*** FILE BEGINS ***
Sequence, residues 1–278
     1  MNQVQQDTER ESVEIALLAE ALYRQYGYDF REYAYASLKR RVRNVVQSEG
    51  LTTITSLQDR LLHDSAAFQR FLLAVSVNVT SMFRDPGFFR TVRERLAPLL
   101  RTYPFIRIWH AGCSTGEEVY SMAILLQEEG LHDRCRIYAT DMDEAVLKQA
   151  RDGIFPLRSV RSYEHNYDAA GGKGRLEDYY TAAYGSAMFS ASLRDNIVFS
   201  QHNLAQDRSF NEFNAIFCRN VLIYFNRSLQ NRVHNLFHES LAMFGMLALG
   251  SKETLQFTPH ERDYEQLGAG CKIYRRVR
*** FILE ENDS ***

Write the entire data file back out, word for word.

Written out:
Sequence, residues 1–278
     1  MNQVQQDTER ESVEIALLAE ALYRQYGYDF REYAYASLKR RVRNVVQSEG
    51  LTTITSLQDR LLHDSAAFQR FLLAVSVNVT SMFRDPGFFR TVRERLAPLL
   101  RTYPFIRIWH AGCSTGEEVY SMAILLQEEG LHDRCRIYAT DMDEAVLKQA
   151  RDGIFPLRSV RSYEHNYDAA GGKGRLEDYY TAAYGSAMFS ASLRDNIVFS
   201  QHNLAQDRSF NEFNAIFCRN VLIYFNRSLQ NRVHNLFHES LAMFGMLALG
   251  SKETLQFTPH ERDYEQLGAG CKIYRRVR